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Info on Various EC Products

Estrogen Plus Progestin Pills
Regular birth control pills that contain estrogen and progestin can be used for emergency contraception. This is sometimes called "combined" emergency contraception, or the Yuzpe method. The usual dose is at least 100 mcg of estrogen and 0.5 mg of progestin taken twice, 12 hours apart.
 
Because birth control pills contain different amounts of estrogen and progestin, the number of pills taken will vary depending on the brand. In addition, not all brands of birth control pills can be used in this manner.
 
Combined EC is thought to be slightly less effective than progestin-only EC. It is estimated that it can reduce your chance of getting pregnant by about 75 percent. This means that if eight women who would have gotten pregnant take combined EC, only two of them will actually become pregnant. Like progestin-only EC, combined EC is more effective the sooner you take it after unprotected sex.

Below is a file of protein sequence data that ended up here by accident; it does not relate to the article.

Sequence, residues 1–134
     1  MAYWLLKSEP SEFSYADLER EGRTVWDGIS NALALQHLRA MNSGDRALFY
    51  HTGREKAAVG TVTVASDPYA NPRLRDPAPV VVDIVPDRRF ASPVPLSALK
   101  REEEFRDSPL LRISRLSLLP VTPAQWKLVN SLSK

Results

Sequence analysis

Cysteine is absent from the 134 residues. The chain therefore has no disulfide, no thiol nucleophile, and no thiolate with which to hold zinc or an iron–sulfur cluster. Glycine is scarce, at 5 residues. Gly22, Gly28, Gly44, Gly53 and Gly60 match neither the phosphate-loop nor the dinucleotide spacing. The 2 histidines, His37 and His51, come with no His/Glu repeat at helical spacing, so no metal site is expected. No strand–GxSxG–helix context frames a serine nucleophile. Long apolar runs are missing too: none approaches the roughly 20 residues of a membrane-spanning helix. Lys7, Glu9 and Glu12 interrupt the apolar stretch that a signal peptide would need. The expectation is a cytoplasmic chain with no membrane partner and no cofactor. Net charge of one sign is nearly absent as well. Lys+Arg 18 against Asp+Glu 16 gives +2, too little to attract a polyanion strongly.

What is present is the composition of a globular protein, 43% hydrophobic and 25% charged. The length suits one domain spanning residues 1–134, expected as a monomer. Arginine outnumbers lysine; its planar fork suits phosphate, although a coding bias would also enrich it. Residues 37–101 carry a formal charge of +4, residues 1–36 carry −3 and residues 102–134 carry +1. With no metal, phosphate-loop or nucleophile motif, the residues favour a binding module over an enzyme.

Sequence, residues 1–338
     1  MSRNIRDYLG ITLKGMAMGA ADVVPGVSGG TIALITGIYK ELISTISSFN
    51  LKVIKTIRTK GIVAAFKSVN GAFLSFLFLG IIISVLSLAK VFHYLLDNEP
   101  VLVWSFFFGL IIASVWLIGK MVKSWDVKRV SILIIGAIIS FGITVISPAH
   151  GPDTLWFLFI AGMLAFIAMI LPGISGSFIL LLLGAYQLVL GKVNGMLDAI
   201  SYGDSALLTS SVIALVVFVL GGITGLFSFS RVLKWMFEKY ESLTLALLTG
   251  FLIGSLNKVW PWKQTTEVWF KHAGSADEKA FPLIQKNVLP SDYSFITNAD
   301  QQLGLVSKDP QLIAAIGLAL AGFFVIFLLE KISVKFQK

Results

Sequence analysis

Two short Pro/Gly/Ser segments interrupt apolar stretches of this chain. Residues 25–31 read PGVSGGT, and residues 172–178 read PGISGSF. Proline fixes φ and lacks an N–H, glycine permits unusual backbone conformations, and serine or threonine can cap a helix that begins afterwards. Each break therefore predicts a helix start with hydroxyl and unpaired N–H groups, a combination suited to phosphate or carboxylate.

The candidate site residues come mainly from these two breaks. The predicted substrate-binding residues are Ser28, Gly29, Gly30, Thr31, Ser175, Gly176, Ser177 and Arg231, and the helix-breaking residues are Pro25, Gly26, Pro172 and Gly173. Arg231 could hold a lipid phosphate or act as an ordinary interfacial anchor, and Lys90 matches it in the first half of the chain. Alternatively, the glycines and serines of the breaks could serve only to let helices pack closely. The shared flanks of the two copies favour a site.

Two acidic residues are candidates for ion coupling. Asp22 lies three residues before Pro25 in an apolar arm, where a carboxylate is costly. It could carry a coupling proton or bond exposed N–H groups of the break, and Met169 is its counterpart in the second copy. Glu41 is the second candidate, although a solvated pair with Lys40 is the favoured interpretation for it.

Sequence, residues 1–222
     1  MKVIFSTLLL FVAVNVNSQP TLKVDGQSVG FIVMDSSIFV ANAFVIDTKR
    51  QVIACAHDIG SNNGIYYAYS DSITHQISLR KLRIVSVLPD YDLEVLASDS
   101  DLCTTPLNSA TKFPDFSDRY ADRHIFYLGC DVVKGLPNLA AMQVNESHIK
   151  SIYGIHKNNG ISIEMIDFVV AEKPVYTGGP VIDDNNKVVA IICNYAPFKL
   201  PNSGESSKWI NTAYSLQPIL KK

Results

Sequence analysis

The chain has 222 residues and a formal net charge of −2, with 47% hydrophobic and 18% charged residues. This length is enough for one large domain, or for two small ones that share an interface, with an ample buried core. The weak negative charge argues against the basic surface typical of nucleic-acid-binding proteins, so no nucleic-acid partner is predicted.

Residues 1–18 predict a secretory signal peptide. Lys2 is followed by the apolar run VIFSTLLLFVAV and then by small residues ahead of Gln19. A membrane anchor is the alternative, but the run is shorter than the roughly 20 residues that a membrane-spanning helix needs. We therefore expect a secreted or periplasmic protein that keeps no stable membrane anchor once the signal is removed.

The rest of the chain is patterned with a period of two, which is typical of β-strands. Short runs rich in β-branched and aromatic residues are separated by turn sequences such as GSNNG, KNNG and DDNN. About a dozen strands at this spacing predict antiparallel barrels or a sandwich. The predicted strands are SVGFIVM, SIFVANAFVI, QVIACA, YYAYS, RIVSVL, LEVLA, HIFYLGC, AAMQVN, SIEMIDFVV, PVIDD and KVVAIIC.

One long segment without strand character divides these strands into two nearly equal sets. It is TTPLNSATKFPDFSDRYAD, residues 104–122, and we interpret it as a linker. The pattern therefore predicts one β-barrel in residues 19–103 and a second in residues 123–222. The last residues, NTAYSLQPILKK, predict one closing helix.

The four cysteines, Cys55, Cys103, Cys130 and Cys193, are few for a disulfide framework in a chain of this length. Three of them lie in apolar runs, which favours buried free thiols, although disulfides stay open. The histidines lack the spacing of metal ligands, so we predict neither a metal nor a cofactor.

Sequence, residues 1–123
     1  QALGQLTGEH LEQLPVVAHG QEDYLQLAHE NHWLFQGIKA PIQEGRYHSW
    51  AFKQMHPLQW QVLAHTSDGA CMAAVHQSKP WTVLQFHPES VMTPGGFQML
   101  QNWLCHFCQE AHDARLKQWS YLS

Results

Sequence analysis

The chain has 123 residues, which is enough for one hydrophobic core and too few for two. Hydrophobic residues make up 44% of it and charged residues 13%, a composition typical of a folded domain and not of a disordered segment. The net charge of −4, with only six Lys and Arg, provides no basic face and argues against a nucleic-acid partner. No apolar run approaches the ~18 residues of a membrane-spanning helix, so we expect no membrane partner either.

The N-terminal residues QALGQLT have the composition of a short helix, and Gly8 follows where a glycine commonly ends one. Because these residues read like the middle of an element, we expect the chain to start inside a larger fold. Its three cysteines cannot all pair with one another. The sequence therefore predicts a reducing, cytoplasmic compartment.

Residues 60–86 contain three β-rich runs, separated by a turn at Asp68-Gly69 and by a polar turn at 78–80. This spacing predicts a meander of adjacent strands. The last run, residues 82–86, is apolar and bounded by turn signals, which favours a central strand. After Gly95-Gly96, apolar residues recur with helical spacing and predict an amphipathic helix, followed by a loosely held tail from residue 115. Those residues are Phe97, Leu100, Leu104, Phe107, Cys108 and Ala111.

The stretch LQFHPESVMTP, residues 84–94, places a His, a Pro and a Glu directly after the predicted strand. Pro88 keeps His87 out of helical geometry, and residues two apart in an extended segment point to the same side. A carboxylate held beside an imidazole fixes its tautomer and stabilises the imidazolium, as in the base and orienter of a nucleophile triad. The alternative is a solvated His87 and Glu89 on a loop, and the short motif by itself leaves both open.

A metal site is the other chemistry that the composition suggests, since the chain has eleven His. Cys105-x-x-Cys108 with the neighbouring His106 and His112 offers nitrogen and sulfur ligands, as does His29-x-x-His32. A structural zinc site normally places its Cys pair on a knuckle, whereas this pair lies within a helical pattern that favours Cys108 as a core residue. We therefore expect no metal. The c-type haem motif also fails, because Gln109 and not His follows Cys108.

Copper Intrauterine Device (IUD)
The copper intrauterine device (ParaGard) is a nonhormonal emergency contraception option. This means it does not contain hormones. It is thought to work by preventing fertilization, but may also prevent implantation of a fertilized egg. The copper could cause a miscarriage if you are pregnant.
 
The copper IUD is believed to be more effective than progestin-only or combined EC. It is thought to reduce the risk of unintended pregnancy by more than 99 percent if used within 120 hours (five days) of unprotected sex or birth control failure.
 
The copper IUD may be less convenient than the other EC options because it can only be inserted by a healthcare provider. However, once inserted, it can remain in place for up to 10 years to prevent pregnancy.
 
Ulipristal
Ulipristal (ella) is a progesterone receptor modulator medication. It is only available with a prescription. Ulipristal is effective at preventing pregnancy up to 120 hours (five days) after unprotected sex or birth control failure.
 
Ulipristal works by blocking the effects of progesterone. This inhibits or delays ovulation. Ulipristal may alter the lining of the uterus (the endometrium), which could prevent a fertilized egg from implanting. Unlike other forms of hormonal emergency contraception, ulipristal could theoretically cause a miscarriage if you are already pregnant.
 
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